Secretaries of State, Facebook, The Informant, More: Friday Afternoon ResearchBuzz, January 10, 2020


Another November release I missed, from the National Association of Secretaries of State: NASS Launches #TrustedInfo2020: A Public Election Education Initiative. “#TrustedInfo2020 encourages American citizens to look to their state and local election offi­cials as the trusted sources for election information. Driving voters directly to election officials’ websites and verified social media pages will ensure voters are getting accurate election infor­mation, and cut down on the misinformation and disinformation that can surround elections.”


CNN: Facebook says it’s ‘not deaf’ to criticism. But it will still let politicians lie in ads. “In a blog post, Rob Leathern, who oversees Facebook’s political ad library, said the company was not making any major revisions to its policies on political ads. Leathern did however ask political leaders to establish new rules that would govern digital political advertising.” Taking responsibility for your company’s actions is soooo… hang on, need to go find an era where giant corporations took responsibility for their actions…

Nieman Lab: “We’ve seen hate becoming mainstream”: This news site aims to tie together the intel on extremism. “After years of writing about it for TPM, The Daily Beast, and the Southern Poverty Law Center, [Nick Martin] decided to start The Informant, a newsletter and site dedicated to ‘original reporting and intelligence on hate and extremism in America today.’ While any number of outlets were covering pieces of the story, Martin said he didn’t see any one making sense of it and explaining what it all means.”

TechCrunch: Pro-privacy search engine Qwant announces more exec changes — to ‘switch focus to monetization’ . “More changes have been announced in the senior leadership of French pro-privacy search engine Qwant. President and co-founder Eric Leandri (pictured above) will be moving from an operational to a strategic role on January 15, the company said today — while current deputy managing director for sales and marketing, Jean-Claude Ghinozzi, is being promoted to president.”


New Indian Express: Natural history museum library to go online; rare collections to be digitised. “The library functions under the Department of Museums and Zoos. It has a collection of about 7,000 books, out of which 500 books fall under the rare collection category. Most of the flora and fauna inside the museum premises have been documented along with lesser-known assets. All the artefacts in the museum including ancient coins and original paintings by Raja Ravi Varma are being photographed to form an online database of the museum’s riches and heritage.”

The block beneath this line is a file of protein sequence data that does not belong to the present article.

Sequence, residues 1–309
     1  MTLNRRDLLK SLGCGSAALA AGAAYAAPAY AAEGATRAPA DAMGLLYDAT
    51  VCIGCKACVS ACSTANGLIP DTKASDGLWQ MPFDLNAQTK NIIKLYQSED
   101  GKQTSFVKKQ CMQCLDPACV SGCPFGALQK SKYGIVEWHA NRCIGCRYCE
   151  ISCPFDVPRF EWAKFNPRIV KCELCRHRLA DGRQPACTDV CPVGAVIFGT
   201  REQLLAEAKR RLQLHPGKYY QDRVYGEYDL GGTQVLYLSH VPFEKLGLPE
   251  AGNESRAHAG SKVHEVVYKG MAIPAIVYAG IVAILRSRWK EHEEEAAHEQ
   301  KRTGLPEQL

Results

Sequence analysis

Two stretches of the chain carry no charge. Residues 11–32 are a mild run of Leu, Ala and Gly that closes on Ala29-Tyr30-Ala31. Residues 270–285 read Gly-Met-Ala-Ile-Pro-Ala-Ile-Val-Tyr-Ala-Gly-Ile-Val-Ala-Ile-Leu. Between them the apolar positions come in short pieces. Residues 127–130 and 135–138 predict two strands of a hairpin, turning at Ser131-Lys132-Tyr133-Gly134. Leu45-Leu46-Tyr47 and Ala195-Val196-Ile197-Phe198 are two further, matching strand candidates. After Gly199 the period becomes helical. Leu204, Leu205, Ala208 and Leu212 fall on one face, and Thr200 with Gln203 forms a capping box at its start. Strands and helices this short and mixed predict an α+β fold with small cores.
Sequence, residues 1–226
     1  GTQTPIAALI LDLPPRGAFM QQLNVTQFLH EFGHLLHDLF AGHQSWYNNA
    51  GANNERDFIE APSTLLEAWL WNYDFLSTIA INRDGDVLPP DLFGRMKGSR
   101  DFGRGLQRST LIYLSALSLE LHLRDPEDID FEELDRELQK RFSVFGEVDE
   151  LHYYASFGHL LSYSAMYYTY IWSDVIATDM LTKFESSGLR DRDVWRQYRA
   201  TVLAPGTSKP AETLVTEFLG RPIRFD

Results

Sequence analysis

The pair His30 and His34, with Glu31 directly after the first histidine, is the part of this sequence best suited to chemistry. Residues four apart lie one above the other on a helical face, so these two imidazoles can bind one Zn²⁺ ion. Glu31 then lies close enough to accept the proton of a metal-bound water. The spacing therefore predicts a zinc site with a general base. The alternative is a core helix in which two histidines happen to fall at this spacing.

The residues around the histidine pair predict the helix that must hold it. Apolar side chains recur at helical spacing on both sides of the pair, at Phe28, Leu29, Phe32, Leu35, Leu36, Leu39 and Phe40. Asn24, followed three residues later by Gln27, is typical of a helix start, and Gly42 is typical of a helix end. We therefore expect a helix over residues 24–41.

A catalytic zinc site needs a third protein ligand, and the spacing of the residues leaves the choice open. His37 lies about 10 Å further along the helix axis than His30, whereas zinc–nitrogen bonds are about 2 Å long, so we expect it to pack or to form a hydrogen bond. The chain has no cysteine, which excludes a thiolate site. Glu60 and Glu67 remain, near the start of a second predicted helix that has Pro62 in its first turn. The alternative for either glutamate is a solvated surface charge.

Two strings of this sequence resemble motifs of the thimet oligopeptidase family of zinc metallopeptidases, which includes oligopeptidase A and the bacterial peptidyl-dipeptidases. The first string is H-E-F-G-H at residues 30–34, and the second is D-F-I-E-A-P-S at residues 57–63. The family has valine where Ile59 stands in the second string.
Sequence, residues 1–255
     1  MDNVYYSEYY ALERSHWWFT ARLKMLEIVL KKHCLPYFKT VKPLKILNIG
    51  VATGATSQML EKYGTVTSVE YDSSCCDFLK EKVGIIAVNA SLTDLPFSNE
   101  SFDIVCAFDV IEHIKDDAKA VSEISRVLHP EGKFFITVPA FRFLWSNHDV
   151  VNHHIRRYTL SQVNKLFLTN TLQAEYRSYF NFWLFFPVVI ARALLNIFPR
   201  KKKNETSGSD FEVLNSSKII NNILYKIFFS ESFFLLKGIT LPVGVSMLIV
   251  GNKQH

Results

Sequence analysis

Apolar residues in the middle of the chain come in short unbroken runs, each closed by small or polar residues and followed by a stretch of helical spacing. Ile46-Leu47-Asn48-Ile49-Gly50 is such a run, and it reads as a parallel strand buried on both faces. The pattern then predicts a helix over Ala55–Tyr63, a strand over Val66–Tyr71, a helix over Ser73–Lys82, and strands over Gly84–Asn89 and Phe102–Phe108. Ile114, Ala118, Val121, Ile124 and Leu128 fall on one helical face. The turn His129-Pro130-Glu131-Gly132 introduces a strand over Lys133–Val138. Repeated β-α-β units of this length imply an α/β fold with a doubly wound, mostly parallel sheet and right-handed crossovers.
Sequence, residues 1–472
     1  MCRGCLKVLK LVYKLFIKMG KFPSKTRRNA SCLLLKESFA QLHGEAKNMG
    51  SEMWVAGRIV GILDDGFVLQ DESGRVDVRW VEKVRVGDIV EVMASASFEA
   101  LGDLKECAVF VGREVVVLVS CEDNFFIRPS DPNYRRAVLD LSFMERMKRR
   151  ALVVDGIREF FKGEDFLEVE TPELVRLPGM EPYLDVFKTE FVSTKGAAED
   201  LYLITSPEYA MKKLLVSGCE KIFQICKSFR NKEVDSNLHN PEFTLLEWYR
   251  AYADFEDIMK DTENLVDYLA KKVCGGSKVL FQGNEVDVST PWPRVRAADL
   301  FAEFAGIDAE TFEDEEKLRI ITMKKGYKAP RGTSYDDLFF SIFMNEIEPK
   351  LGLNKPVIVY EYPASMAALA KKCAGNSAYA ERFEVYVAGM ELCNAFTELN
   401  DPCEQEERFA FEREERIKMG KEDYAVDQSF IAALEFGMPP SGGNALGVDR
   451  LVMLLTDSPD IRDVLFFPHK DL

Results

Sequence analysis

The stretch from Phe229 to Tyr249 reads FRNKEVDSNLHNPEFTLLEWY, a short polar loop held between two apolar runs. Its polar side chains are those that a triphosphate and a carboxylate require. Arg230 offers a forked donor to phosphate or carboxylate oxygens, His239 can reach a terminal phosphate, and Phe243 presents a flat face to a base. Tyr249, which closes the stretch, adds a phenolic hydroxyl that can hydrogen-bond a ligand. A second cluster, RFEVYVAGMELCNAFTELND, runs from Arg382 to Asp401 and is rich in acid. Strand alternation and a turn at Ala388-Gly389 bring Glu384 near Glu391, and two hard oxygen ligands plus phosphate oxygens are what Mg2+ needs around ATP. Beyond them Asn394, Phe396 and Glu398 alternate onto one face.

Online Journalism Blog: Sigma Awards: new data journalism competition launched. “Data journalists are being invited to enter a new data journalism award, launched to ‘celebrate the best data journalism around the world [and] to empower, elevate and enlighten the global community of data journalists.'”


CNET: Vermont bill would ban cell phone use by anyone younger than 21. “A bill has been introduced in Vermont’s legislature that would prohibit anyone under 21 years old from using or possessing a cell phone. However, the bill appears to be more about gun rights than cell phones.” From the article it looks like a stunt.

Wired: Iran Tensions Increase Social Media Surveillance at the US Border. “Just days after the United States assassinated Iranian general Qasem Soleimani, US Customs and Border Protection reportedly detained more than 60 Iranian Americans and Iranians, including children, at the US–Canada border. Multiple sources present claim that while some of those detained were held, in certain cases for up to 10 hours, CBP confiscated some of their phones, ordered them to hand over their social media passwords, and questioned them about their political views and social media activity.”

Techdirt: Chinese Court Says AI-Generated Content Is Subject To Copyright Protection. “Just last week we wrote about the good news that the European Patent Office had decided to reject AI-generated inventions for patent applications and explained why this was good. As we noted, prior to that, most of the discussion on AI and monopoly protections had been focused on copyright, and there are various lawyers and law firms eagerly pushing the idea that AI should be able to obtain copyrights, despite it going against the entire basis of copyright law. So far, we haven’t had a real test of the issue in the US (though the monkey selfie case could be seen as a trial balloon for copyright for non-human creators), but apparently at least one Chinese court has already gone in the other direction.”

Vice: You Can Play Google Stadia on an E-Book Reader. “You may not be playing Google Stadia at the moment, but inevitably, you’ve seen the reviews and the feedback from gamers has largely revolved around the significant latency issues the service can have. But what if you were to throw another variable into the mix when you fire up Destiny 2? That’s what Sebastian Ørsted, a Danish PhD student of Aarhus University’s Department of Mathematics, recently did when he decided to test out Google Stadia on an e-ink based Android tablet, the Onyx Boox Max 3.” Good afternoon, Internet…

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